States to Watch in 2014
School Choice Weekly, Issue #20
After another year of steadily increasing school choice nationwide, where will school choice fever hit next? Look for action in Oklahoma and Tennessee, says the Friedman Foundation’s Leslie Hiner. Oklahoma lawmakers are discussing Arizona-style education savings accounts (ESAs) and Tennessee lawmakers will have to decide between statewide vouchers and those limited to urban areas.
(ESAs deposit a child’s state education dollars into an account parents control and can use for many education resources, as opposed to a voucher, which may be used only at one school.)
As always, there’s no telling what will happen until 2014 is over. The Wall Street Journal dubbed 2011 “the year of school choice” because 13 states enacted school choice laws, and another 28 considered doing so. That was just the beginning. From 2011 to 2013, 26 states passed 47 school choice laws, according to the Friedman Foundation for Educational Choice. In 2013, 11 states passed new or expanded existing private school choice programs.
While the number of legislative victories in recent years rapidly outpaced all the gains between 2011 and 1992, when the nation’s first voucher program began in Milwaukee, the number of students these programs reach is still comparatively minuscule. According to Friedman Foundation estimates, 1.1 million children attend private schools using vouchers, education tax credits, or education savings accounts. That sounds like a lot--and it’s a large expansion--but it’s just 2 percent of the nation’s 55.5 million preK–12 students.
So while school choice has come a long way, it’s got even farther to go. Time will tell how far it manages to travel this year.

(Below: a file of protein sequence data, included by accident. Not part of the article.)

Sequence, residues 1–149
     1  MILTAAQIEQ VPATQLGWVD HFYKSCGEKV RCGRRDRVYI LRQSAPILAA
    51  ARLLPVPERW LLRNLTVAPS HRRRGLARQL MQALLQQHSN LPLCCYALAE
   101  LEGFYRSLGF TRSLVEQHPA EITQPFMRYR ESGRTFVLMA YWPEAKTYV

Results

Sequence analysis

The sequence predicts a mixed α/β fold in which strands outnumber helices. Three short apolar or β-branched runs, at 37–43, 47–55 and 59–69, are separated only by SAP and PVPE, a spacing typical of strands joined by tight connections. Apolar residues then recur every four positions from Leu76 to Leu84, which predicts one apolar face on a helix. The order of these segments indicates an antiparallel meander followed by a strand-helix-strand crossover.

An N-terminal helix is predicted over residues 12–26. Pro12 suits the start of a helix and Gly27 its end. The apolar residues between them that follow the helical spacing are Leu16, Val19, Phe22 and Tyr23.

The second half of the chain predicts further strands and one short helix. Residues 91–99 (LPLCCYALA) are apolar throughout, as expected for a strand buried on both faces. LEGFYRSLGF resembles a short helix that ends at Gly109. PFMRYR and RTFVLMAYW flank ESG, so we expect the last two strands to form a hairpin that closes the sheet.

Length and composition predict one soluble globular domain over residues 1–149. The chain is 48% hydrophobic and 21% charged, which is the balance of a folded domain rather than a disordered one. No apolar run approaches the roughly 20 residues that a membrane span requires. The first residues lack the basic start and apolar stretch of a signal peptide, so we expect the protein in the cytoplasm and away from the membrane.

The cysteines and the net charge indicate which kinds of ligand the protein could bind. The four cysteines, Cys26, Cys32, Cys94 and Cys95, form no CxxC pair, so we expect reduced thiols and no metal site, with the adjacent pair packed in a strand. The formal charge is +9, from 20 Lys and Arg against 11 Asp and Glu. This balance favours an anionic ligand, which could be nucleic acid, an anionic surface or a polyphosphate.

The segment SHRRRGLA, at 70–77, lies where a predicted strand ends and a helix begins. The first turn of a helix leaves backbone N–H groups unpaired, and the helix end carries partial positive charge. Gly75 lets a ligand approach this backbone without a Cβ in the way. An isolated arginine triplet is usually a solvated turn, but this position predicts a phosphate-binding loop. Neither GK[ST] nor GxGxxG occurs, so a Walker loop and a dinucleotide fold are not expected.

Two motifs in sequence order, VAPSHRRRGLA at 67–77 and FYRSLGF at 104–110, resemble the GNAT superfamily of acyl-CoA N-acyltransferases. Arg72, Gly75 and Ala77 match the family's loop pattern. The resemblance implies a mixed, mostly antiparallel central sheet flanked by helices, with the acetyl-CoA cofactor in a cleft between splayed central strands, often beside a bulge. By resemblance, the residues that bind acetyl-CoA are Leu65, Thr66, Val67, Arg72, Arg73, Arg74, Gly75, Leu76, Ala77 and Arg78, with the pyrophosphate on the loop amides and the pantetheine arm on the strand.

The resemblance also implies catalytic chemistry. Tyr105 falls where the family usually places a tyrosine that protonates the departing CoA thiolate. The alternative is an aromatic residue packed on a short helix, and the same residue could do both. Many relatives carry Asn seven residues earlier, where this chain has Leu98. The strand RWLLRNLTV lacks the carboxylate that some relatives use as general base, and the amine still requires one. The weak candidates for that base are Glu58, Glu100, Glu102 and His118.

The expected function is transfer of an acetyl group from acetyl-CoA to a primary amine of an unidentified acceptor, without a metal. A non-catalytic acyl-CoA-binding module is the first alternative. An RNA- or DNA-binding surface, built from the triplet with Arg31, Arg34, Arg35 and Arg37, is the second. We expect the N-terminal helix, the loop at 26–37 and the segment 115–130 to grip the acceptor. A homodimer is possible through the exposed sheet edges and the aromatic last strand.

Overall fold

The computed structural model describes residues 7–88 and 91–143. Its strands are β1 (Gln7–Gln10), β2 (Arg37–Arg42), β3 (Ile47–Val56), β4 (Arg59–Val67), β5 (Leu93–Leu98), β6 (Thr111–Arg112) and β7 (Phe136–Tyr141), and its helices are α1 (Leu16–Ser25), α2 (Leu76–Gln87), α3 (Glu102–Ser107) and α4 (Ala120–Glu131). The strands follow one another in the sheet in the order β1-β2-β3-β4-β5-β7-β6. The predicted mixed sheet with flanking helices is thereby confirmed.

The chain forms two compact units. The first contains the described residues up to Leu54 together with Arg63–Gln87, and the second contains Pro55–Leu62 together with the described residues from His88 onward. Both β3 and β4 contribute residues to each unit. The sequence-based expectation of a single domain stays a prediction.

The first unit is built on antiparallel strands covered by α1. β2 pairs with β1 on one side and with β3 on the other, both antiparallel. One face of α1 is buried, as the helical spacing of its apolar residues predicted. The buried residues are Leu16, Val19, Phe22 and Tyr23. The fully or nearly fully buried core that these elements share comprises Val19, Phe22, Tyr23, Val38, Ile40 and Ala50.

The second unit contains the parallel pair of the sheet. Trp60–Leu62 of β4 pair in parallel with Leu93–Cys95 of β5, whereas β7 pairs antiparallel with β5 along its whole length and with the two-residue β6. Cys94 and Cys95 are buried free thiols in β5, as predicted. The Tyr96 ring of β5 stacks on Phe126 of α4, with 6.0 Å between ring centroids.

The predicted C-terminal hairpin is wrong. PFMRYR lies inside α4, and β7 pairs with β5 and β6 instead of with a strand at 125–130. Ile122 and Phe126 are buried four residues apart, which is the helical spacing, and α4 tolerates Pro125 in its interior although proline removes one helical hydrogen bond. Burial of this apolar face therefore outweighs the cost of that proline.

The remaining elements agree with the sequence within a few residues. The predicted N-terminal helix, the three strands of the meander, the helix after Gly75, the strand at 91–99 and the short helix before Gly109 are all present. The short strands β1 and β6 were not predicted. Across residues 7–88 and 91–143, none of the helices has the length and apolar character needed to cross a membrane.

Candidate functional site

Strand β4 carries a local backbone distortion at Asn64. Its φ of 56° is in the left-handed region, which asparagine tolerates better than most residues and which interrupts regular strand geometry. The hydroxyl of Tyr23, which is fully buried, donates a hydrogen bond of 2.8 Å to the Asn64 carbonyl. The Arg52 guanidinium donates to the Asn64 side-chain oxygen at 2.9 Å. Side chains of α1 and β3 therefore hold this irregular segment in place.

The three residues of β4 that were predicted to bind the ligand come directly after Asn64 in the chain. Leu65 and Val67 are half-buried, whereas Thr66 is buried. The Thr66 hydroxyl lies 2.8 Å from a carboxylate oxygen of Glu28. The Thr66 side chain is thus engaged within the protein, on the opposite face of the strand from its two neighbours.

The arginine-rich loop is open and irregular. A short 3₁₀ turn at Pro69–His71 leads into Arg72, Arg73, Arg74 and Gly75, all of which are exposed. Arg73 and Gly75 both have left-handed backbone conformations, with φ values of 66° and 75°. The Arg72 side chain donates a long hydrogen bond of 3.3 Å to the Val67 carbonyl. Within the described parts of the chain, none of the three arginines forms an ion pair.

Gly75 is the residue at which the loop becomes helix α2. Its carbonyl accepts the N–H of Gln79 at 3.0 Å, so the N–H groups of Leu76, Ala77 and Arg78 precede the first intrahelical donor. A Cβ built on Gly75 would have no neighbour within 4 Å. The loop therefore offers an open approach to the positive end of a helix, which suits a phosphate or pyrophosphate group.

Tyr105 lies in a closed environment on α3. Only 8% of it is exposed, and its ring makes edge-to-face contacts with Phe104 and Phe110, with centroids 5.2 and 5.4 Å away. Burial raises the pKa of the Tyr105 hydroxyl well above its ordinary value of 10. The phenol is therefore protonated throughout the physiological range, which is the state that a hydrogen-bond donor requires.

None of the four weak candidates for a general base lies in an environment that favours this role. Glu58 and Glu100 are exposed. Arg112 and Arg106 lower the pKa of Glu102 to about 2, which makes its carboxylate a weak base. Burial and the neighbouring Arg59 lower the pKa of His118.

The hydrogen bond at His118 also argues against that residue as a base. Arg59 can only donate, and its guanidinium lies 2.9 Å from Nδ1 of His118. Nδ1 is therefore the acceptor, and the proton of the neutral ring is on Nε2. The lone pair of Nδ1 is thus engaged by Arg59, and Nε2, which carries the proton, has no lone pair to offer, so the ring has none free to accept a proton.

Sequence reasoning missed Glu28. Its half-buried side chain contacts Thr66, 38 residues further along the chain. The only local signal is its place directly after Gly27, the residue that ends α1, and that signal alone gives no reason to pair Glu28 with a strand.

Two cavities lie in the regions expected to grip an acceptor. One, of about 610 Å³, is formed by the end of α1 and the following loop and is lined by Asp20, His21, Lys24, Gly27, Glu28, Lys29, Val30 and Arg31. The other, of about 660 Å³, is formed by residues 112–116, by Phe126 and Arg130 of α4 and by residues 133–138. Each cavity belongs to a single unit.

IN THIS ISSUE:
- INDIANA: As the state considers a preschool voucher for lower-income families, how many are likely to sign up? Experts estimate about half of those eligible, or some 20,000 children. That’s twice as many kids as currently participate in the state’s K–12 voucher program.
- ALABAMA: Private individuals spend their own time and money to keep Florida’s tax-credit scholarships running, says the nonprofit organization’s president, Doug Tuthill. He responds to a charge from an Alabama writer that school choice enriches proponents at the expense of kids.
- CALIFORNIA: Parents who allegedly vandalized the nation’s first Parent Trigger school have been charged. The two mothers could face up to three years in jail if found guilty of causing approximately $8,000 in damages to the school they opposed.
- MILWAUKEE: A charter school refuses to talk down to kids just because of their race. Bruce Guadalupe Community School is so popular kids have to apply by age four to get in.
- PARENT RIGHTS: Common Core exists only because we have forgotten that parents have a right to educate their children, says Anthony Esolen. The state has no educational authority of its own apart from what parents delegate to it.
- NORTH CAROLINA: This summer, the legislature must decide whether to use national Common Core tests or stay with state-controlled tests. Until the legislature acts in May or later, the state board of education cannot, thanks to a 2013 law.
- ALABAMA: The state’s Senate President is the point man on repealing Common Core through the legislature. It’s unclear whether he genuinely supports the standards or is playing politics by refusing to let a repeal bill be heard while writing the governor to ask him to support one.
- DC: On January 9, Hillsdale College Professor Terrence Moore will lecture on his new book dissecting Common Core.
- NEW YORK CITY: New schools chancellor Carmen Fariña will likely do nothing to reduce income and education inequality, opines The Wall Street Journal.
- DELAWARE: Once federal Race to the Top grants are spent, what happens to the programs they created? a local newspaper wonders. Other federal grants have forced higher spending to sustain programs that continue after the federal funds are gone.
- TESTING: Schools can improve students’ standardized test scores, but not their underlying cognitive ability, a new study finds.
- ALASKA: Hundreds of GED-seekers rushed to take the high-school equivalency test before the new year brought a new version of the test, invalidating their previous work and charging them typically twice as much.
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